The evolution of ever more sophisticated oncologic imaging and technologies providing far more precise radiation therapy have combined to increase the utilization of sophisticated radiation therapy in childhood cancer. For a majority of children with common central nervous system, soft tissue, bone, and dysontogenic neoplasms, local irradiation is fundamental to successful multi-disciplinary management. Along with more precise target volume definition and radiation delivery, new technologies provide added certainty of patient positioning (electronic portal imaging, cone beam CT) and conformality of dose delivery (3-D conformal irradiation, intensity modulated radiation therapy, proton beam therapy). Each of the major areas of technology development are able to better confine the high-dose region to the intended target, but they are also associated with the potential for larger volumes of uninvolved tissues being exposed to low radiation doses. The latter issue plays a role in documented levels of secondary carcinogenesis, sometimes with greater anticipated incidence than that seen in conventional radiation therapy. Parameters related to carcinogenesis, such as dose-volume relationships and neutron contamination that accompanies high-energy photon irradiation and proton therapy, can be identified, sometimes modulated, and accepted as part of the clinical decision process in fine tuning radiation therapy in this more vulnerable age group.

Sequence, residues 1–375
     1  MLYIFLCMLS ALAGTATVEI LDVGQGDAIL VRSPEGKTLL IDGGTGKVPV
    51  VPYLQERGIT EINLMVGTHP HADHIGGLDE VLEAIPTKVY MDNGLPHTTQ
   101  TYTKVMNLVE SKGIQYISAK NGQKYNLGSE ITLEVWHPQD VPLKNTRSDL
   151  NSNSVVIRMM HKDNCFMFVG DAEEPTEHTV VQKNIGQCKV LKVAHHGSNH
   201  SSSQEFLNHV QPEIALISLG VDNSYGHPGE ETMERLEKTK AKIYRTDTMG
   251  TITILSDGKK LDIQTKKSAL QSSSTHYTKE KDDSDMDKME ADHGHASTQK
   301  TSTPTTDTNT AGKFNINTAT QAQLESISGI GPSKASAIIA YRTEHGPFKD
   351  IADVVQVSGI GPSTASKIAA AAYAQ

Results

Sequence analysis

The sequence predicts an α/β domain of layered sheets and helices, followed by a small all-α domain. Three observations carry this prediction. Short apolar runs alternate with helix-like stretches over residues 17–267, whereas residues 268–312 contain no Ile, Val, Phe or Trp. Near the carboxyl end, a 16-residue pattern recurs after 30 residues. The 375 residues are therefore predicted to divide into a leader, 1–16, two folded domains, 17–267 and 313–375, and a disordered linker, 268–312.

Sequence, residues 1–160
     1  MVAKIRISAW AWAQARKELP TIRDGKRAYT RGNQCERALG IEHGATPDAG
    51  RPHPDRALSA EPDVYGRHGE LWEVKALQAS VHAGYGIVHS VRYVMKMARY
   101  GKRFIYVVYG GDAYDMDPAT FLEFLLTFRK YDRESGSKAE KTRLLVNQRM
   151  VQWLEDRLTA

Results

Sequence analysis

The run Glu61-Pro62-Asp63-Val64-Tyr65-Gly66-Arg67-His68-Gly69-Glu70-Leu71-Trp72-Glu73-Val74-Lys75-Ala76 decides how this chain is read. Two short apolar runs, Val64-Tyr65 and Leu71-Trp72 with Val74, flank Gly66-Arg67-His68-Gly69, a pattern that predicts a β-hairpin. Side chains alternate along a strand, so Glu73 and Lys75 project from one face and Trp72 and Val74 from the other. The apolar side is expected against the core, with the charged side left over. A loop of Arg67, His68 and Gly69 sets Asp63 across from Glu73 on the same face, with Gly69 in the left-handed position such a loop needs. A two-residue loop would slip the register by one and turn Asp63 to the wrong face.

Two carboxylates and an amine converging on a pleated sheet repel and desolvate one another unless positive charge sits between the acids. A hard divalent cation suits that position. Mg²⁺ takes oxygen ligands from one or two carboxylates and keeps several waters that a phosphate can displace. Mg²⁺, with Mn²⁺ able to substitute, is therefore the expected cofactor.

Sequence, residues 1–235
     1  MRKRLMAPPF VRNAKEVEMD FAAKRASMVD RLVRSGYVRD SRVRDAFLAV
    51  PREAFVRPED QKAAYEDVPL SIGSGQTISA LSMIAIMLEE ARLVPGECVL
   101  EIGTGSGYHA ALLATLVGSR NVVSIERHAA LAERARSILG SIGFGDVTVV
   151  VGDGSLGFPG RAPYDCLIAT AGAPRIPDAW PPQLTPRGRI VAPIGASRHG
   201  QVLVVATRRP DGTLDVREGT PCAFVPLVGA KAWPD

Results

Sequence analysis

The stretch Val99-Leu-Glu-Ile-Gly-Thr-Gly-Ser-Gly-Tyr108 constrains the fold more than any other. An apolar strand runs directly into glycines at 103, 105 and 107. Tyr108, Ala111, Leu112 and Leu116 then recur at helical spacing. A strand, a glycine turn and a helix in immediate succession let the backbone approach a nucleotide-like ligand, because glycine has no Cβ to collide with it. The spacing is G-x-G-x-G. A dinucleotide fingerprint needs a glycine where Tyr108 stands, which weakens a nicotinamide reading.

- Incidental radiation dose
- Radiation therapy
- Secondary carcinogenesis
ASJC Scopus subject areas
- Pediatrics, Perinatology, and Child Health
- Radiology Nuclear Medicine and imaging